PGA.com: Why will the move to Nike Golf help you get there?
Watney: Nike has proven in pretty much every sport that they provide equipment for that they strive to be the best.  If you look at basketball for instance, the best players wear Nike.  Tiger has been a Nike Athlete for a long time and has re-written the record books in golf. So I am excited to have their support and it is an honor to represent them.
 
PGA.com: Have you been a Nike fan your entire life?
Watney: I have been a Nike fan my entire life.  The first sports I can remember was Michael Jordan, he put Nike footwear on the map as far as athletes go.  My favorite athletes around the bay area growing up,  Jerry Rice and Joe Montana wore Nike cleats…I have been a Nike fan for a long time.  When I received my first product Nike after being on staff I had to pinch myself it was pretty fun and so exciting."
 
PGA.com: What product was easiest to switch?
Watney: The irons and wedges were the easiest products for me to switch into.  They are very classic looking, very clean, simple, which is good.  It was pretty much one day of looking down at them and feeling them perform so those were the easiest for me to switch into.
 
Obviously, players will change equipment for various reasons. But the one thing that they all will not compromise is their hope to play better this year than they played last year.  Watney's move to Nike Golf carries some risk for both parties, but the up side could be quite significant. I'd probably say the same thing about my golf bag - so if anyone wants to sign a 8.2 handicap...I'm listening.
January 6, 2013 - 1:16am
Posted by:
John Holmes
john.holmes's picture
Colin Montogmerie and Padraig Harrington
Getty Images
Colin Montgomerie's stellar Ryder Cup reputation could be tarnished if he were to lose as captain in 2014, says Padraig Harrington.

After The PGA of America rocked the golf world by anointing Tom Watson as U.S. Ryder Cup captain for 2014, observers immediately began speculating that Europe would need to respond with an equally large presence.

Paul McGinley of Ireland and Darren Clarke of Northern Ireland are considered the front-runners for the job, which the Europeans are set to discuss during the HSBC Abu Dhabi Championship later this month. But in the wake of Watson’s appointment, Colin Montgomerie’s name began cropping up.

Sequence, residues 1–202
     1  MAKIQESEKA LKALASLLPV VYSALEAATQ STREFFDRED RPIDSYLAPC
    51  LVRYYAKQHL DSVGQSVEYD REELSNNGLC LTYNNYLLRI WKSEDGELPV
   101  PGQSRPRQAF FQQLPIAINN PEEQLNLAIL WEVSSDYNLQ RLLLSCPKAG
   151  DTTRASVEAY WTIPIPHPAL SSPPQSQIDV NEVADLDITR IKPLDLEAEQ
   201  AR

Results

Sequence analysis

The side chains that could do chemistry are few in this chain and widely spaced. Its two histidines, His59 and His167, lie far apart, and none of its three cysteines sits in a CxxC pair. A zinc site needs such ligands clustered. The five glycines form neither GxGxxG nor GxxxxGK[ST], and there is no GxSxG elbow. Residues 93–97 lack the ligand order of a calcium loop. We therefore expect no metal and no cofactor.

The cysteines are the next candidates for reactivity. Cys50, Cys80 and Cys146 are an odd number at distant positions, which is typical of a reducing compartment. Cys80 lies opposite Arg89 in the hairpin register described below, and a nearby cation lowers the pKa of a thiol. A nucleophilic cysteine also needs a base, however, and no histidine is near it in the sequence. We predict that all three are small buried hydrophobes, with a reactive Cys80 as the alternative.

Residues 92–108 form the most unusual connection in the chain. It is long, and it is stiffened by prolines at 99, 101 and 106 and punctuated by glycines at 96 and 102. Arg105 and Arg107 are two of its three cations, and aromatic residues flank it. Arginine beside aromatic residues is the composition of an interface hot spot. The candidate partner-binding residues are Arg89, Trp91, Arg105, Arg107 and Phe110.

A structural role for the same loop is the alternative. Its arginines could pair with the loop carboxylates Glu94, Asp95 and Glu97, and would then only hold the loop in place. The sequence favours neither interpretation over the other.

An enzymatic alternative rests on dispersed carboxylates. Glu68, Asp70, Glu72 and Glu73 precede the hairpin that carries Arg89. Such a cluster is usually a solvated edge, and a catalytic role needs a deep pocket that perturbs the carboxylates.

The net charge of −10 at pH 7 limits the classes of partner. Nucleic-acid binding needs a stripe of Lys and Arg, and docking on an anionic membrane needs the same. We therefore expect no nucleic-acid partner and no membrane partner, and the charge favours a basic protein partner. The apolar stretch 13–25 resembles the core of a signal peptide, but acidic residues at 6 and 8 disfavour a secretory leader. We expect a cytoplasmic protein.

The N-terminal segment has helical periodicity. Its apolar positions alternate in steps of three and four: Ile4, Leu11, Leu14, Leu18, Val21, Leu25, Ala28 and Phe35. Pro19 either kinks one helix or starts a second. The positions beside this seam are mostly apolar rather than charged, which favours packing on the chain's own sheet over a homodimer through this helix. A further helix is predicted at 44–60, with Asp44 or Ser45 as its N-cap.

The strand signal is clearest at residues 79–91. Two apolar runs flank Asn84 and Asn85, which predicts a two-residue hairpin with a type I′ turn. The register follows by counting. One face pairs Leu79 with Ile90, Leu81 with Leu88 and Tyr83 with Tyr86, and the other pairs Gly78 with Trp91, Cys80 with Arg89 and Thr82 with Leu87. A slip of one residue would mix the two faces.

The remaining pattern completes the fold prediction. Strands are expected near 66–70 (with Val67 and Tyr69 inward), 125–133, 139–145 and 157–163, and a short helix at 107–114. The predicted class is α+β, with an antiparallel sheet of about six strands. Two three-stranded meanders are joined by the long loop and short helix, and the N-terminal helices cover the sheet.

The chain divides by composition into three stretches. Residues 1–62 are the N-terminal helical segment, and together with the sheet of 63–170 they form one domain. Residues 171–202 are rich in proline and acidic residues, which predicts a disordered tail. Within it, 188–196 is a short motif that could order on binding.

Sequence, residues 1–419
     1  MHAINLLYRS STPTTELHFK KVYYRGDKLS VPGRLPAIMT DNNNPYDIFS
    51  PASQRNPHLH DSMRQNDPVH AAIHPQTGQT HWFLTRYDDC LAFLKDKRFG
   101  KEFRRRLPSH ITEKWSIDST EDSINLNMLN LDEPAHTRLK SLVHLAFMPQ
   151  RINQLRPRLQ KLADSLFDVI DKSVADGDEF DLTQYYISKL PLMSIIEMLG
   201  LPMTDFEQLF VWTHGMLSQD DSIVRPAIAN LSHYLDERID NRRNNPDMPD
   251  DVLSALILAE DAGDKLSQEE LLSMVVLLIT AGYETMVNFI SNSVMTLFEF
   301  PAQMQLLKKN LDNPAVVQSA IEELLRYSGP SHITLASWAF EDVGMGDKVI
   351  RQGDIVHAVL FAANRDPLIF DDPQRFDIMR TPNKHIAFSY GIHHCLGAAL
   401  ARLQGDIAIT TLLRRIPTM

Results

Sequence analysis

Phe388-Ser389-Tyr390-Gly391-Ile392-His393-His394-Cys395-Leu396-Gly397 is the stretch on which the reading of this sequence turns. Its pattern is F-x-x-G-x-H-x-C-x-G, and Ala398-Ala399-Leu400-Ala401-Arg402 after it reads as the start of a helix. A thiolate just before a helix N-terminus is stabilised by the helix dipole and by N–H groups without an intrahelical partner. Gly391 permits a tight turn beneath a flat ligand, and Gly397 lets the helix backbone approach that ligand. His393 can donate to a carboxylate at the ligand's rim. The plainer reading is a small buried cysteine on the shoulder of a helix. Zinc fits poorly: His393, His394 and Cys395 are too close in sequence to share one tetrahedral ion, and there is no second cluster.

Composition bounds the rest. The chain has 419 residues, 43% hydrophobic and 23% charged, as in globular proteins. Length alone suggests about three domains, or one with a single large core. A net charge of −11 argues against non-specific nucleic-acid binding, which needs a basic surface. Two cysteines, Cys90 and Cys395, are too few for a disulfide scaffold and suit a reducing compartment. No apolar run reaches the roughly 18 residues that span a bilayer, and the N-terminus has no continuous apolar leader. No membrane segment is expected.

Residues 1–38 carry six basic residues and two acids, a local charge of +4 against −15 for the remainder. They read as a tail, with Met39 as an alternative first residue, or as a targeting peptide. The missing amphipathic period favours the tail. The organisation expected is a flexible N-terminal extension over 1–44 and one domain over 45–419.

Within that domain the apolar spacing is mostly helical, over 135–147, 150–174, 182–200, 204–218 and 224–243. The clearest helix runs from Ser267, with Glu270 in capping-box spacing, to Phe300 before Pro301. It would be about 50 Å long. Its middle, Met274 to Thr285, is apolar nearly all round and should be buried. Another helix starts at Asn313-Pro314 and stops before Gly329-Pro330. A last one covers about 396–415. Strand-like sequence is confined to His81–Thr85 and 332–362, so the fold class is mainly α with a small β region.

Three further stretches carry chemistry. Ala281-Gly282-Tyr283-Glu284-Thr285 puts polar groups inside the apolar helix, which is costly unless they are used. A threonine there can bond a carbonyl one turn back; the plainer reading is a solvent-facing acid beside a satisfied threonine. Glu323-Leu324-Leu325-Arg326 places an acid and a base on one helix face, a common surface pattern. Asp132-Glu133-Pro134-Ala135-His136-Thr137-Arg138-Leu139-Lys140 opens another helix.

Despite what can best be described as a lack of respect from many golf fans in the United States, Monty has one of the all-time great Ryder Cup records, amassing a 20-9-7 record that includes an unblemish slate in the singles. He trails only Nick Faldo on the European career points list, sank the putts the clinched the golden chalice in both 1997 and 2004, and captained the Europeans to victory in 2010 at Celtic Manor.

Even so – or perhaps because of all that – one very interested observer believes there's no chance that Monty would accept a return engagement as captain.

"It would be madness for him," said Padraig Harrington in an interview with Reuters. "He's had a great Ryder Cup playing career, he's been a successful captain. Why risk all that?

"I can't see in any shape or form him agreeing to do it again," added Harrington, who believes that Montgomerie would be risking his golf legacy by coming back.

"I had a long chat with Monty the evening we won the Ryder Cup in 2010," he said. "I could see the relief Colin had when he won. I don't think he quite realized until then the enormity of being captain for him. Most players who take the captaincy, whether they win or lose, it doesn't change people's perception of their overall career.

Montgomerie's reputation, however, is based on his eight European Tour money titles and his Ryder Cup performances, explained Harrington, who has played on six Ryder Cup teams.